Emma Rice’s new theatre company has become shrouded in controversy before it even exists, following criticism of its £1.9m allocation of Arts Council England (ACE) funding.
The outgoing artistic director of Shakespeare’s Globe announced plans to base her next venture, Wise Children, in Bristol earlier this summer, but its South West roots have been called into question by commentators angry at its inclusion in the coveted portfolio.
Journalist Christy Romer argued the organisation’s endorsement of a venture which was registered just nine days before the application deadline “makes a mockery of the system”.
His Arts Professional article challenged Wise Children’s Bristol credentials, pointing out the new company was originally registered with a London address and will make its debut with a residency at London’s Old Vic theatre in 2018.
Both ACE and Rice have “emphatically rejected” the claims and the Arts Council stated it has a “rigorous and equitable application and assessment process that is open, accountable, auditable and transparent”.
Sir Nicholas Serota, the newly appointed Arts Council chairman, has promised to re-balance and diversify the sector with a £170m increase in funding for projects outside of London from 2018.
That this commitment has been called into question sparked a backlash in Bristol and beyond, with arts commentators raising concerns about whether the South West will actually stand to benefit from the investment.
Annie McGann, a campaigner against arts cuts in the city, said she has no quarrel with Rice or Wise Children, but is doubtful of ACE’s commitment to providing fairer funding throughout the regions.
“I worry that this new addition to the ACE portfolio may impact on our community-based projects if it siphons off money that’s for the West Country,” she said, adding that if there is funding for the South West, it should go to companies that are based here all the time and filter down to suppliers, costume design and employment of local crew.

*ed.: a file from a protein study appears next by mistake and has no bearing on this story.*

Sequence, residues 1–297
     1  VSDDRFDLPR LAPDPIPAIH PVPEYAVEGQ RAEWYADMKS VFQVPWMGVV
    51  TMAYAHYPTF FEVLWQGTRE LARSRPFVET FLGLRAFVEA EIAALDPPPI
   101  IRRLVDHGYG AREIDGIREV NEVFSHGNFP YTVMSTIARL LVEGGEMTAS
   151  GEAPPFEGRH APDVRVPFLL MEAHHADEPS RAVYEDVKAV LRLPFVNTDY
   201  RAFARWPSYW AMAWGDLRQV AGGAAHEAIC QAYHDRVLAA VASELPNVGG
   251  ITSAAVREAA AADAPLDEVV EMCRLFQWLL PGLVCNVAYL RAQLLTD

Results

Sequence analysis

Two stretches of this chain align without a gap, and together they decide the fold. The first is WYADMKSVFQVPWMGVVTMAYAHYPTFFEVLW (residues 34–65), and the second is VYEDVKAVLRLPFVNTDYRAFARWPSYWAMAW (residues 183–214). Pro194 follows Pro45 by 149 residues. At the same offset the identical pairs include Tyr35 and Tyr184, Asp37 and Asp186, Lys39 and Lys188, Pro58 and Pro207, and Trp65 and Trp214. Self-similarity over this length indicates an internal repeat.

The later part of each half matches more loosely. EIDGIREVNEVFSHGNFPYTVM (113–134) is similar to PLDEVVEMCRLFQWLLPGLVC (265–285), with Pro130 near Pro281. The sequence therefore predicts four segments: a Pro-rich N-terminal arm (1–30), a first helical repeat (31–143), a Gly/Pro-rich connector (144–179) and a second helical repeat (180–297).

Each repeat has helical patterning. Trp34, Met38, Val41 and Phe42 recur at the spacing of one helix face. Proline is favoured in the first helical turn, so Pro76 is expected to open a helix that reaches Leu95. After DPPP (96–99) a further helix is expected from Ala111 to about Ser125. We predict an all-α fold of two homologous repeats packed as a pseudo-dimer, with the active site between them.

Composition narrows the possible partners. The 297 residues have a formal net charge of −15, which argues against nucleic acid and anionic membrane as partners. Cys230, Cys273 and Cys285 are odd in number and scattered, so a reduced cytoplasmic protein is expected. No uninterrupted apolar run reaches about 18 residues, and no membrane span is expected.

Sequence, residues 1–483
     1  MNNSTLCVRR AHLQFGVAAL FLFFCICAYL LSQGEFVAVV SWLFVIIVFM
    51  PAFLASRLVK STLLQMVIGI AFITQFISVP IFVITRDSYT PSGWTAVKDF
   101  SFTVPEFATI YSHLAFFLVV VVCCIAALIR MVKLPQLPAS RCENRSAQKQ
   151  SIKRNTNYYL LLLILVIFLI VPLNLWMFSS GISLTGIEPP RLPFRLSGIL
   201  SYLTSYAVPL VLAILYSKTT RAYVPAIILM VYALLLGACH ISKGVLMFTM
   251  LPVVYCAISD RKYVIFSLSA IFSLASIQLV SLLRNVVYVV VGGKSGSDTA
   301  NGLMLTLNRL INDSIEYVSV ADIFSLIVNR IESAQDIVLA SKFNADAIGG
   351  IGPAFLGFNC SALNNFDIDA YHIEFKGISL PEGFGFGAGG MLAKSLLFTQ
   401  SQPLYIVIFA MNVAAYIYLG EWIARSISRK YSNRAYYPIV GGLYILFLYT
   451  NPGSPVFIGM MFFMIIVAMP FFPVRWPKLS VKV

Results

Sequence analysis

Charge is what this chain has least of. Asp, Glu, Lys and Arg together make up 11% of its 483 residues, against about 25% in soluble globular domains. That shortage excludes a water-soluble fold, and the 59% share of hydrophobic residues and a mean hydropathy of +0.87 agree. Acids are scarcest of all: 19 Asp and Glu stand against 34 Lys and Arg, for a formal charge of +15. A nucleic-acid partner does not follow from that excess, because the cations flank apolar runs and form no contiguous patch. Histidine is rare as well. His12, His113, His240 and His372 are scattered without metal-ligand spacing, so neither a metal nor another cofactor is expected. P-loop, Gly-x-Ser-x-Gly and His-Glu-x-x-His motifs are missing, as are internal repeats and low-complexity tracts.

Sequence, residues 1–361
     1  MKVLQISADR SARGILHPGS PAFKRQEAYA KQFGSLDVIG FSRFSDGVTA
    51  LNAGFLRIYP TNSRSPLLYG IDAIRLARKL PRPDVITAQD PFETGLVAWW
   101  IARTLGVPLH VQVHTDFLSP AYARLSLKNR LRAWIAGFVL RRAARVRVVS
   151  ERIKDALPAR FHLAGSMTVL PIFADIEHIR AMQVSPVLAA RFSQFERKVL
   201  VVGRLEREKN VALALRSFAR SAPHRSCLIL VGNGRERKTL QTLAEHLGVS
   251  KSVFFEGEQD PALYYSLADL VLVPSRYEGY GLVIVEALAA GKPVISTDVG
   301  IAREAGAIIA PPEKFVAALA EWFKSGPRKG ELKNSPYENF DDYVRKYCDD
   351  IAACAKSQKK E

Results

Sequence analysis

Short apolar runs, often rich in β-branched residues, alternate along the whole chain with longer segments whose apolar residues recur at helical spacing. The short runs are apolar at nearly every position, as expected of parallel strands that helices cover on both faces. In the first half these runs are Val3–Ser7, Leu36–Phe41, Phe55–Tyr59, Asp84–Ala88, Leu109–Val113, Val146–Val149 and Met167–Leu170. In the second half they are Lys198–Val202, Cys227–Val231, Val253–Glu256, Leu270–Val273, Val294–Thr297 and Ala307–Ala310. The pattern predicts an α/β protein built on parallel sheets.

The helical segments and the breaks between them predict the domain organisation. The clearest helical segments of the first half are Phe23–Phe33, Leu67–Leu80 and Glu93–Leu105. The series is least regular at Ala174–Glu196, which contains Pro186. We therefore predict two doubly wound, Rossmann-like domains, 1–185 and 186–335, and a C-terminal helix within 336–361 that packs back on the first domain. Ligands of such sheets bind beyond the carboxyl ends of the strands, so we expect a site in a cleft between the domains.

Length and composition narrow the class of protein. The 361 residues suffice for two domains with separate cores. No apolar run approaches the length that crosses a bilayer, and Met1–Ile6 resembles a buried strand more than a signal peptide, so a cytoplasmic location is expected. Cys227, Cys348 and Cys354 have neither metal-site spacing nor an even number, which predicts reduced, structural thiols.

Many echoed these concerns, with a general consensus that the issue is not with Rice’s undeniable talent, but funding of the sector in general.
Others defended the decision to grant the ACE funding for an exciting project lead by a known name.
Rice has responded to criticism, saying she has been based in the region for 25 years and currently lives in Bristol. Wise’s registered address has also been changed to a local one, but it remains unclear where the company will actually be based.
“Where we eventually put down our bags and find a physical base is to be discovered over the coming years, but one thing is sure – it is South West all the way. That has never been in doubt,” said Rice in a recent blog post.
“I, along with Allegra Galvin, my associate producer, applied to ACE in January to become a national portfolio organisation.
“I am delighted beyond words that we were successful. This is such a statement of support from ACE and a recognition of what I have achieved over my varied career. I am so grateful and will pay back this trust in every way possible.”
She clarified that Wise Children will tour in the South West, nationally and internationally and will also have an integrated training programme called ‘The School for Wise Children’.
Rice added: “This is simply the most important and exciting project of my working life.”
The former artistic director of Cornwall’s acclaimed Kneehigh theatre company has done a lot of work with Bristol Old Vic and her production The Little Matchgirl and Other Happier Tales comes to the city in November.
An ACE spokesperson said: “We are thrilled to welcome Wise Children into the national portfolio and proud to support Emma Rice, who is one of the most inspirational theatre makers working in the UK today.
“It’s a major coup for the South West that Emma has chosen to base her new company here and is a significant indication of the pull of the region as a centre for cultural activity and creative industries.
“The negotiation and development of a funding agreement with Wise Children is predicated on them basing themselves in the South West. While rooted in the South West, Wise Children will have a national significance and London is an important part of that national picture.”
Main photo by Nik Strangelove.
Read more: Bristol arts organisations celebrate funding